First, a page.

Shares are mostly lower in Asia on Tuesday after Wall Street suffered its worst session in two years, with the Dow Jones Industrial Average slumping more than 1,000 points on fears that a viral outbreak that began in China will weaken the world economy.

Japan’s Nikkei 225 index lost 3%, to 22,686.61 after it reopened from a holiday on Monday. Hong Kong’s Hang Seng edged 0.2% lower to 26,777.88 and the Shanghai Composite index sank 1.6% to 2,984.19. In Australia, the S&P ASX/200 shed 1.2% to 6,896.10.

South Korea’s Kospi rebounded from a steep loss on Monday, adding 0.6% to 2,091.80. Shares also rose in Singapore but fell elsewhere in the region.

In Kuala Lumpur, Malaysia’s main benchmark dropped 2.7% amid a political upheaval after Prime Minister Mahathir Mohamad offered his resignation to Malaysia’s king while his political party quit the ruling alliance.

Overnight on Wall Street, traders sought safety in U.S. government bonds, gold and high-dividend stocks like utilities and real estate. The yield on the 10-year Treasury fell to the lowest level in more than three years.

Technology companies, whose supply chains have been disrupted, accounted for much of the broad market slide, which wiped out all of the Dow’s and S&P 500’s gains for the year.


More than 79,000 people worldwide have been infected by the new coronavirus. China, where the virus originated, still has the majority of cases and deaths. The country’s economy has been hardest hit as businesses and factories sit idle and people remain home-bound because the government has severely restricted travel and imposed strict quarantine measures to stop the virus from spreading. Economists have cut growth estimates for the Chinese economy.

The ripple effects of the outbreak are being felt all around the world, as China is both a major importer of goods and a source of parts for intricate supply chains.

China’s government promised tax cuts and other aid Monday to help companies recover despite anti-disease controls that shut down much of the world’s second-largest economy last month. Economists say it is likely to be at least mid-March before automakers and other companies return to full production.

Still, while concern about the virus has prompted some sporadic selling in the past few weeks, for the most part global markets have traded as if the virus’ impact would be limited. Until Monday, the major U.S. stock indexes had all been in the green.

Crude oil prices slid 3.7% on Monday but were stable early Tuesday. Benchmark U.S. crude oil rose 26 cents to $51.69 per barrel in electronic trading on the New York Mercantile Exchange. It fell $1.95 to settle at $51.43 a barrel on Monday. Brent crude oil, the international standard, gained 28 cents to $56.06 per barrel. On Monday, it dropped $2.17 to close at $55.77 a barrel.

The rapid spread from China to other countries is upping anxiety about the growing threat the outbreak poses to the global economy.


“Stock markets around the world are beginning to price in what bond markets have been telling us for weeks – that global growth is likely to be impacted in a meaningful way due to fears of the coronavirus,” said Chris Zaccarelli, chief investment officer for Independent Advisor Alliance.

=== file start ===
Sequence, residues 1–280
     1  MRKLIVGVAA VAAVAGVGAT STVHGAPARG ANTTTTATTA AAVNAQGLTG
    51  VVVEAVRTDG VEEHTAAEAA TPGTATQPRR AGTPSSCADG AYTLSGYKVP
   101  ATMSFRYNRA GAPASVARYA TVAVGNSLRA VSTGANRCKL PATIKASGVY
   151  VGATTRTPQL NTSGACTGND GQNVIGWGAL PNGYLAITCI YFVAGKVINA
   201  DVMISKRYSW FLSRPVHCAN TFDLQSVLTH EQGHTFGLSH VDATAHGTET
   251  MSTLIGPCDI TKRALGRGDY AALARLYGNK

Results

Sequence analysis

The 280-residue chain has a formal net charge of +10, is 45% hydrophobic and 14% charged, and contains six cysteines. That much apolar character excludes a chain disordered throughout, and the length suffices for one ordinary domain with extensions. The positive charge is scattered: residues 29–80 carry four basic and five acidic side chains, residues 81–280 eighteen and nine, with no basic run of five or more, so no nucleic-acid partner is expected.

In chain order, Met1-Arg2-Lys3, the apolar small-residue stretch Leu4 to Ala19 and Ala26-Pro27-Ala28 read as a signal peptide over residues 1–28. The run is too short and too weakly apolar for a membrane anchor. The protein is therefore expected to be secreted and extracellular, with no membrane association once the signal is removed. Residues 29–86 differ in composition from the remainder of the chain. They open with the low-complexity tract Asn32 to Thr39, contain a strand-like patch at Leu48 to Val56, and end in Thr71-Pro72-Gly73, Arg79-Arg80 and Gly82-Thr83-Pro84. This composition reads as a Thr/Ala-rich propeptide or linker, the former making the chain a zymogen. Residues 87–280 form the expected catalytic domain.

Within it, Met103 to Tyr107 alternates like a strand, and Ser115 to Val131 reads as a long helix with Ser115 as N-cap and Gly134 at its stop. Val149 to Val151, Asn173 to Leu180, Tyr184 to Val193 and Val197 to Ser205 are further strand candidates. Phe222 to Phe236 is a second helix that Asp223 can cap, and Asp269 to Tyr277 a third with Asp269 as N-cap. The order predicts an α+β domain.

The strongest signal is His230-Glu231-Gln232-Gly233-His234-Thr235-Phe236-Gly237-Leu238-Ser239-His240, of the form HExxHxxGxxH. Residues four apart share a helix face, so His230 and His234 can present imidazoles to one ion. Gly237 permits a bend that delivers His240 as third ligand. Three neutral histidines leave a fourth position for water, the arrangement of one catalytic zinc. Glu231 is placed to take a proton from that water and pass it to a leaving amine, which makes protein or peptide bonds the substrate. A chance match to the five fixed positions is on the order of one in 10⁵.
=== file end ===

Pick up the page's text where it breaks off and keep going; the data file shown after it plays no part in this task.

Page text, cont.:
More on the COVID-19 pandemic

The Dow lost 1,031.61 points, or 3.6%, to 27,960.80. The S&P 500 index skidded 3.4%, to 3,225.89. The Nasdaq dropped 3.7% to 9,221.28 – its biggest loss since December 2018. The Russell 2000 index of smaller company stocks gave up 3% to 1,628.10.

The slump in U.S. indexes followed a sell-off in markets overseas. Italy’s benchmark tumbled after the number of virus cases there rose dramatically and a dozen towns in the northern part of the country were put under quarantine. There are also more cases of the virus being reported in the Middle East as it spreads to Iran, Iraq, and Kuwait, among others.

Technology companies were among the worst hit by Monday’s sell-off. Apple, which depends on China for a lot of business, slid 4.8%. Microsoft dropped 4.3%. Banks such as JPMorgan and Bank of America were also big losers.

Cruise lines suffered steep losses, as Carnival, Royal Caribbean Cruises and Norwegian Cruise Line were three of the top four decliners in the S&P 500, each falling around 9%. American Airlines also dropped sharply, and after the market closed, United Airlines withdrew its earnings estimate for 2020 because of uncertainty over how long the virus outbreak will last

Gilead Sciences climbed 4.6% and was among the few bright spots. The biotechnology company is testing a potential drug to treat the new coronavirus. Bleach-maker Clorox was also a standout, rising 1.5%.


Utilities and real estate companies held up better than most sectors. Investors tend to favor those industries, which carry high dividends and hold up relatively well during periods of turmoil, when they’re feeling fearful. They’re now the best-performing sectors in the S&P 500 for the year, while the tech sector has lost ground.

In the eyes of some analysts, stocks are finally catching up to the bond market, where fear has been dominant for months.

Investors have turned to the safety of bonds throughout 2020, even as stocks overcame stumbles to set more records. The 10-year yield had recovered to 1.40% early Tuesday after dipping to an intraday record low Monday of 1.325% set in July 2016, according to Tradeweb. The 30-year Treasury yield fell further after setting its own record low, down to 1.83% from 1.92% late Friday.

Gold retreated as shares steadied, losing $16.50 to $1,660.30 ounce, silver lost 28 cents to $18.60 per ounce and copper fell 3 cents to $2.59 per pound.

The dollar rose to 110.85 Japanese yen from 110.68 yen on Monday. The euro strengthened to $1.0865 from $1.0853.


AP Business writers Alex Veiga, Damian Troise and Stan Choe contributed.